Successful retrieval survey along the coast of Norway
The yearly raid along the Norwegian coast after lost fishing gears was successfully completed at the end of September after five weeks retrieval survey. The survey coverd a distance from Varangerfjorden up north, to Ålesund. The main focus was as always lost gill nets, but there was alos an increesed focus on retrieval of lost king crab pots. Furtheremore, significant amounts of other gears pulled up. The yearly retrieval survey has bin conducted by the Directorate of Fisheries since 1980.
During this years retrieval budget, approximately 850 gill nets and 150 king crab pots was retrived. In addition, roughly 44 000 meters of rope / line, 2000 meters of wire, over 700 meters of rope form other gears as trawls, danish saines, pures seins, ect. Furtheremore, a huge number of grapnels was found. The amount of fish in caugth in the retrived gears was approximatley 10000 Kg fish and 5600 Kg of crab. The amount of fish and crab stuck in the gear is also a snapshot of reality, and there is reason to belive that the numbers are much higher over time, since biologic material as fish and crab degrade.
The results are clear, It is of highest importance to retrive lost fishinggears since the gears is fishing until they are retrived form the ocean. This is because the gears are mad of materials with long degradation time and the gear wil ofteh fish for many years despite fouling. Furtheremore, the retrieval survey reduce future gear loss due to reduced risk for gears to det stuck in lost gears. There was also some positive signal, because the registerd amount of dumped wier was reduced. However, plastic in all categories are observd more frequently in the retrived gear.
Test of a new method to retrive lost pots from the bottom of the sea
King crab pots is of the put out in short links on 3-4 pots. This result in a short georafical dispersion of the pots and combined with an increasing amount of sea cables in costal and fjord areas sometimes make it challanging to search for fishing gear with grappling hooks. Therefore, a new method was tested. The new metod used a remotly operated underwater vehicle (ROV) to search and retrive kingcrab pots. This was a succsess, but ROVs is a time- and costconsuming tool and the effectivnes was a bit to low compaired with the the normal retrieval technique with grappling hooks. However, the trial had value by useful mapping of remaining tools in given areas and a comparion of the retrieval methods.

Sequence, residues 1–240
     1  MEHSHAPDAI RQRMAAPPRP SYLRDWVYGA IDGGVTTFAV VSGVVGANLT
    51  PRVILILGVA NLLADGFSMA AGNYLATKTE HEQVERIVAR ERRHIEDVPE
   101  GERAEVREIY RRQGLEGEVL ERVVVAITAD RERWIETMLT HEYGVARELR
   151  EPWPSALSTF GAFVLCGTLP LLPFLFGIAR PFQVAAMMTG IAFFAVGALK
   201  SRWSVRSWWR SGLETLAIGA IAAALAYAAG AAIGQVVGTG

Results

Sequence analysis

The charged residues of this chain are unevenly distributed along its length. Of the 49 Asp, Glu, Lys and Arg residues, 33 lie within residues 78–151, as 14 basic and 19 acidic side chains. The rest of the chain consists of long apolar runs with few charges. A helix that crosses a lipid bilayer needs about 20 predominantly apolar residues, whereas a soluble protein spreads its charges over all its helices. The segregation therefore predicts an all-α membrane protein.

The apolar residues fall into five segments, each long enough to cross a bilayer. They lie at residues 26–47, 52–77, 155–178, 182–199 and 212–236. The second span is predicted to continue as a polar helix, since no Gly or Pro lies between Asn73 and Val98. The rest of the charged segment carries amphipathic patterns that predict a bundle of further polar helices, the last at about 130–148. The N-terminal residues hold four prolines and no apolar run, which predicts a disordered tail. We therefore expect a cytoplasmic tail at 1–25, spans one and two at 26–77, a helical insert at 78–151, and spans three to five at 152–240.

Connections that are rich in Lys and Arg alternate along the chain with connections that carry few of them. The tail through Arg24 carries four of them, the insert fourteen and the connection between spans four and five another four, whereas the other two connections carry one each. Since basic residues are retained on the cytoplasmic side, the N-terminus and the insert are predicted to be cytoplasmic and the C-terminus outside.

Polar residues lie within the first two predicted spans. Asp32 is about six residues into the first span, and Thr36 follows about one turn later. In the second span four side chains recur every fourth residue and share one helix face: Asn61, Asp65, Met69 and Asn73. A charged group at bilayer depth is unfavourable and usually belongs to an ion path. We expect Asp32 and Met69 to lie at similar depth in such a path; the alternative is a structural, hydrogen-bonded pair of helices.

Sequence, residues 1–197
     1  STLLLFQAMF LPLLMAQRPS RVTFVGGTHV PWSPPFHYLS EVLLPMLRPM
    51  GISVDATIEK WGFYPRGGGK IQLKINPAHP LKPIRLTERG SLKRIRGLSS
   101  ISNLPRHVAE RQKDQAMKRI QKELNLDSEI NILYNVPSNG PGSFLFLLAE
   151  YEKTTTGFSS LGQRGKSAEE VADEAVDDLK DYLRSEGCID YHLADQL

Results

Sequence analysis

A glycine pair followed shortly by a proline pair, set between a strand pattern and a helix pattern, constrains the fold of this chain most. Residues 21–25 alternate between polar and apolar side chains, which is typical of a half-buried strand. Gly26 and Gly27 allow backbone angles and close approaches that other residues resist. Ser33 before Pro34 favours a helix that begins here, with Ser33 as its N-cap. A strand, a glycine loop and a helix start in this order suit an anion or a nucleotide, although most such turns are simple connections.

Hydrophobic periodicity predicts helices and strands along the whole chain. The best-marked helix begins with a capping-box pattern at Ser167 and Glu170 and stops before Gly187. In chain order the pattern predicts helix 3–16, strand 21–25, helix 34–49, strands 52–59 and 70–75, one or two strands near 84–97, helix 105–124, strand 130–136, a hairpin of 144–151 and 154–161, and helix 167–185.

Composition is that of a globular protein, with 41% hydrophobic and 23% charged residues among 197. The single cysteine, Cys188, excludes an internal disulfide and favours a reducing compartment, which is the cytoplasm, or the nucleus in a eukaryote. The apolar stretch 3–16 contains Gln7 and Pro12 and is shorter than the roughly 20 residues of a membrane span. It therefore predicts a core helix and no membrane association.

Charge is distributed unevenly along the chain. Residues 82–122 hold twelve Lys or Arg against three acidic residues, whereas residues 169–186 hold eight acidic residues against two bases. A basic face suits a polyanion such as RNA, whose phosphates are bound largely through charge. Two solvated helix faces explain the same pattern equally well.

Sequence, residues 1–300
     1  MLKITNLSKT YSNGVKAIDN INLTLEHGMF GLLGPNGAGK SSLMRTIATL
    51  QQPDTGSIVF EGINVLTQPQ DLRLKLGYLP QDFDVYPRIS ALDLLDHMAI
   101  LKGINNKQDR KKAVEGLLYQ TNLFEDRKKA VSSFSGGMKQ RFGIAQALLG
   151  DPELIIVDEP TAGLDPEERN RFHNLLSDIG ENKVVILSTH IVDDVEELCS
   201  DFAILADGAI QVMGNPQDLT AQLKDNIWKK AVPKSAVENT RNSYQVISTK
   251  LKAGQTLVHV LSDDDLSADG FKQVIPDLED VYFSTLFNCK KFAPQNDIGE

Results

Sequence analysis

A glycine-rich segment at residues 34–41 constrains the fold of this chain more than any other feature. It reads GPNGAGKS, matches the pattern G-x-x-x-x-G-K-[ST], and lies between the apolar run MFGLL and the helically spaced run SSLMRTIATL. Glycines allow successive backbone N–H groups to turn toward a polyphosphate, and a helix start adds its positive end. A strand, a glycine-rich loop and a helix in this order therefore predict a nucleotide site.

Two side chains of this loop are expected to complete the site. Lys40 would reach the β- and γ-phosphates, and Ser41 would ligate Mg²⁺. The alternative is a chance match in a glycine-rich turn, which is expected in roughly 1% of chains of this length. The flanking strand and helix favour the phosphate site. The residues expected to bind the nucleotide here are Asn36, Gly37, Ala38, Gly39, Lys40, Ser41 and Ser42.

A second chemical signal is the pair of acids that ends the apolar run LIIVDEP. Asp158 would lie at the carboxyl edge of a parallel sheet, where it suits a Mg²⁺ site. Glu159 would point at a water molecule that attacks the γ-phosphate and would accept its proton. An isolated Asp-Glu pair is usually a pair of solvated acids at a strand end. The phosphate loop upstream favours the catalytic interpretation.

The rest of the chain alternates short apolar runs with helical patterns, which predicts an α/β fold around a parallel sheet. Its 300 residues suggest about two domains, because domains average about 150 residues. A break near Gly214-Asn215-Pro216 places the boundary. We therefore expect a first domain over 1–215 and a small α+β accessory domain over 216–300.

Return of lost tools
The Norwegian Fisheries Directorate has never returned so much fishing gear to the rightful owner. This is done in hope of increasing the reporting of lost gear in the sea. The
remaining gears which is not returned is delivered to Nofir AS for recycling. It is also possible for fishermen and other interested parties to go to the Fisheries Directorate's map tool to see what has been removed in the different areas.
Norwegian fishermen must report lost fishing gear
In order to conduct an efficient retrieval survey, it is crucial that fishermen report loss of fishing gear. In Norway it is mandatory for fishermen to report loss of fishing gear to the Coast Guard Center. Thus, the acquisition of knowledge through the enrollment form and the dialogue with fishermen is crucial for a successfull retrieval survey. The registration works relatively well along the entire Norwegian coast, and many key people in the fishing communities contribute with important information. However, there is room for improvement.